Have wondered why the search for your next executive level role is taking so long? Have you honestly assessed the trajectory of your career and many of the associated decisions you made about the roles you have taken, whether by your own decision or out of your own control? While one might think this dilemma is reserved for those who are earlier in their careers, it is not and it is at all levels. These rapid changes in jobs or roles does have a direct impact on the attractive of your credentials. There is no question that there are serious effects of job hopping.
At any level role and in a market that is already incredibly competitive amongst talent, it is never the right time or reason to rapidly change from job to job or role to role. As someone who has personally represented CSuite executives over the last ten years, I have seen firsthand what inhibits succession to the executive’s next role. The number one objection by hiring executives is whether the candidate is currently in their role or in transitions (aka – out of a job). No question, job longevity is critical.
How Long is Long Enough
Many professionals and hiring executives believe that it takes 18 months for an individual to be effective or consciously competent in their role. In more complex roles it can take at least that, if not two years, to demonstrate a true impact on results and outcomes. In my opinion, you must stay in your role for approximately three years before moving on to the next. Close to 50% of hiring executives believe that you should stay in your current role for at least five years before looking for your next role. Regardless, the sudden job movement begs question about your ability to “stick with it” and really drive true, measurable results. Other concerns that can arise include loyalty, cluttered credentials, spotty employment record and lack of professionalism.
What If You Can’t Take Another Day
I know many of us have accepted positions for a variety of reasons. Sometimes we will find serious concerns about an organization that were not apparent during the interview process, but are clear as day now that you are in your new role. The bottom line is that you must stick with, not quit and hang in there until you find your next role. Hiring executives, recruiters and other influencers in the hiring process will not take the time to hear your story beyond the brief dates that sit on your resume. Why? … because they don’t have to. The other candidate will still be in their role, thereby less questions about their longevity and less for the hiring executive to try to understand. You must persevere, get a solid plan together and execute on finding your next role while you are in your role. It is not easy to do while in a full-time job, but it is necessary.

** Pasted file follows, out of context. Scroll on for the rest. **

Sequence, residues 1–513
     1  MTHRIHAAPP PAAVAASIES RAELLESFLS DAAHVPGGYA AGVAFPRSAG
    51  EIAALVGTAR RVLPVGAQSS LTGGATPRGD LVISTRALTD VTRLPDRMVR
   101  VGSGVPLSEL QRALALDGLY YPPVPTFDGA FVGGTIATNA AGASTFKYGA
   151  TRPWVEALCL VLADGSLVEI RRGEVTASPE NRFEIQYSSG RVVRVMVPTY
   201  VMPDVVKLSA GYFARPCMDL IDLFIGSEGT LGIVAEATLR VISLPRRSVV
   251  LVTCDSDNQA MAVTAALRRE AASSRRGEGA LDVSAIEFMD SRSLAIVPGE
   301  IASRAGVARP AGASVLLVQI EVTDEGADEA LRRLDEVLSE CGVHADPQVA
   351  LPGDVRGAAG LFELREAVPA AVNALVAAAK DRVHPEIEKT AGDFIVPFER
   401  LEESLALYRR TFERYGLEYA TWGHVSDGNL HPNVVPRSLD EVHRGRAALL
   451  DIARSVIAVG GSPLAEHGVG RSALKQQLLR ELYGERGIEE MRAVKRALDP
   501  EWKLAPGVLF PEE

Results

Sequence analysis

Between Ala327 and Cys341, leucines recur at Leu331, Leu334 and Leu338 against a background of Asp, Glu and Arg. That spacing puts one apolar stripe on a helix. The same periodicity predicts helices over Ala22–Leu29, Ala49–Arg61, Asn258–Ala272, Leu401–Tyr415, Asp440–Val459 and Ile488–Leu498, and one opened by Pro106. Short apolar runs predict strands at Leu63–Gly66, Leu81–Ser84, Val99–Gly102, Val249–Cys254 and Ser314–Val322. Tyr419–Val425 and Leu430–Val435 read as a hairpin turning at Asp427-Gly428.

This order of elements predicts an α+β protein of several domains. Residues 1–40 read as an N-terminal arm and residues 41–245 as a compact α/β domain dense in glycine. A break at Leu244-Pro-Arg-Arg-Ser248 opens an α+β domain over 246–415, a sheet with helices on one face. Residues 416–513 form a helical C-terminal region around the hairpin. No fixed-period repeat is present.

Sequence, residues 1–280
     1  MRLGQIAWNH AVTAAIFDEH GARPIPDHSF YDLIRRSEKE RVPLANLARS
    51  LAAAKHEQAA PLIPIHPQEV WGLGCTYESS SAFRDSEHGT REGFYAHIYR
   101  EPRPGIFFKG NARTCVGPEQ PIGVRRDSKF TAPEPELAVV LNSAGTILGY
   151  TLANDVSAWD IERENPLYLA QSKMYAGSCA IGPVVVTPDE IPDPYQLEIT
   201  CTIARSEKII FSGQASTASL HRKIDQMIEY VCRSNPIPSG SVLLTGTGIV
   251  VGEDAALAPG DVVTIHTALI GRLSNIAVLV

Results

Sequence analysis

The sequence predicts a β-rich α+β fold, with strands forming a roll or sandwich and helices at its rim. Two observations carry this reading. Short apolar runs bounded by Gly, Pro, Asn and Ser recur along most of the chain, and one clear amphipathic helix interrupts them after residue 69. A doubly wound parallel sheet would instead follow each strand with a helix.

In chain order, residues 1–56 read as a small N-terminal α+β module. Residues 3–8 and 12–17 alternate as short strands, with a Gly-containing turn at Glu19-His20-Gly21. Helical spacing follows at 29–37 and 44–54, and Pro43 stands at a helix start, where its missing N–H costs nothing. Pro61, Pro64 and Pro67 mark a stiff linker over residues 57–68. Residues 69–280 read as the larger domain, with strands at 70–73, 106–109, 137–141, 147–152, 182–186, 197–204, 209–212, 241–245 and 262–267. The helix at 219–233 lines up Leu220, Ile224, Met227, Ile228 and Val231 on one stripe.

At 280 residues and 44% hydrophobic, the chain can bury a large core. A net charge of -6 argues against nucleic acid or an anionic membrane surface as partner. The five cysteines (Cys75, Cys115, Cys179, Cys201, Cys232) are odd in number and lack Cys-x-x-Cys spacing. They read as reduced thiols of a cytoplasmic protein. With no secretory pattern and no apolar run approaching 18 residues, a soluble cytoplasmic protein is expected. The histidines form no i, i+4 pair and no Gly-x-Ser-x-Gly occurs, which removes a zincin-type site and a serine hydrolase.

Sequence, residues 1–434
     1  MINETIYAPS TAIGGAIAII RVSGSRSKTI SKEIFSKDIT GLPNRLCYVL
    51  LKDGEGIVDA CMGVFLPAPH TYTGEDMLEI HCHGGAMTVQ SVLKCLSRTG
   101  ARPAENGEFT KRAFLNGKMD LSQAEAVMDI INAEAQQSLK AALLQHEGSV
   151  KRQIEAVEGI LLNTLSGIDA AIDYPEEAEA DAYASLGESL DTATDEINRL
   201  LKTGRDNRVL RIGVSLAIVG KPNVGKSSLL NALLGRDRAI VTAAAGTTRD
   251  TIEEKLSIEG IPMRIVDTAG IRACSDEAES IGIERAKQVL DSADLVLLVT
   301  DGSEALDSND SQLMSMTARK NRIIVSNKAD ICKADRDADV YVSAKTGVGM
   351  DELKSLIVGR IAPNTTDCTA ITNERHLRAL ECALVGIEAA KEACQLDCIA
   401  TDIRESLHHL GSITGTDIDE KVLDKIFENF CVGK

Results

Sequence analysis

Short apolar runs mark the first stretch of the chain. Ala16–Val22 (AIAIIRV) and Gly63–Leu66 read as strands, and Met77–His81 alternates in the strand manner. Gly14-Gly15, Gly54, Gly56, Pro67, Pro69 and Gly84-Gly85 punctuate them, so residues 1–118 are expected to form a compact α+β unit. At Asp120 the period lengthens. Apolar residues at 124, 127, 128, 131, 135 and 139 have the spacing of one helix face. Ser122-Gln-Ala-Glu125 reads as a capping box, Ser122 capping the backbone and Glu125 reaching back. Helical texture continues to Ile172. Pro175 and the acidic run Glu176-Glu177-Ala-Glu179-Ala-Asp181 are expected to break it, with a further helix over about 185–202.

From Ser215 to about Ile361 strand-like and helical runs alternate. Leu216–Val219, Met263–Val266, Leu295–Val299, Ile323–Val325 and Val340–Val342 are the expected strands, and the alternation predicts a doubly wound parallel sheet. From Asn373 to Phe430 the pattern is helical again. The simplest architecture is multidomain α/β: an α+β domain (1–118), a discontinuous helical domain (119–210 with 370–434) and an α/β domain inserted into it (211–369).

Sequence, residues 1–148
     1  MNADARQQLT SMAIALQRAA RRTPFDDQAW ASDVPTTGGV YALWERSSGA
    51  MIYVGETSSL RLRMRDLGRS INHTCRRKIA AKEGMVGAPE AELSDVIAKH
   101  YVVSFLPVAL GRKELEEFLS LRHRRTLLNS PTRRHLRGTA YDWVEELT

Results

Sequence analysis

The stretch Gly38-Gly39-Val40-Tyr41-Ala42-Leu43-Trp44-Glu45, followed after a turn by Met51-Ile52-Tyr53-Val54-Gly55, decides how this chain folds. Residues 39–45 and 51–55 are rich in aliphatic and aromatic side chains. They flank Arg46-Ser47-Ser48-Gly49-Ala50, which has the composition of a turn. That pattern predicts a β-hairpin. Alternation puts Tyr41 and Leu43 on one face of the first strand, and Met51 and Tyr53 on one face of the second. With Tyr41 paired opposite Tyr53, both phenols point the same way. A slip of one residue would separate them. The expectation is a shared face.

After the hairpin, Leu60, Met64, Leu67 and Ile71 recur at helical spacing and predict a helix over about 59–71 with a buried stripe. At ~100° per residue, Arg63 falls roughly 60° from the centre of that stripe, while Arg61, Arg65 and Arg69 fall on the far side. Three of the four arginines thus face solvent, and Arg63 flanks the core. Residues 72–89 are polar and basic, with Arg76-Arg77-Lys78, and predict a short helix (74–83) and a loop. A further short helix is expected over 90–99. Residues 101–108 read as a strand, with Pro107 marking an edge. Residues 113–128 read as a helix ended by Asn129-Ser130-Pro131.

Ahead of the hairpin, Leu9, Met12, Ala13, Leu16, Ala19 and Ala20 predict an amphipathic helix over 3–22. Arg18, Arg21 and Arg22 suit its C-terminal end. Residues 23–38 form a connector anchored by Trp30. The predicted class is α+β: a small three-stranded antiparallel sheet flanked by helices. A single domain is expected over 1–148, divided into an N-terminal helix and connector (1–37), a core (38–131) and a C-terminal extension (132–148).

What If Is Out of Your Control?
There are a variety of circumstances and events that are out of your control and will unfortunately put you in transition such as an acquisition, merger, sale, consolidation, right-sizing to mention a few. The key is to survive this very stressful time is to take control and start on your search as soon as you suspect something and have been abruptly told of a change. It is not the time to sit back, lighten the load or take a break. Time is of the essence. The less of a gap in time between your transition, the less questions or suspicions you will raise.
There Are Positives
Most hiring executives or recruiters who are in tune with the economy and globalization do realize that extremely long job tenure is more so a rarity. It is important to note that job hopping is not always by choice. In fact, close to 55% of employers have hired a job hopper. There are benefits of changing roles, such as gaining more or different experience, exposure to other businesses, the opportunity to build and evolve a more powerful network. More than often, it is a network and not a resume that gets you the next role. Other benefits include the opportunity to more rapidly raise your title and even your compensation. Most of us who are ambitious about their careers desire that perfect role. The orchestration of timing is the key to the right fit and great career longevity.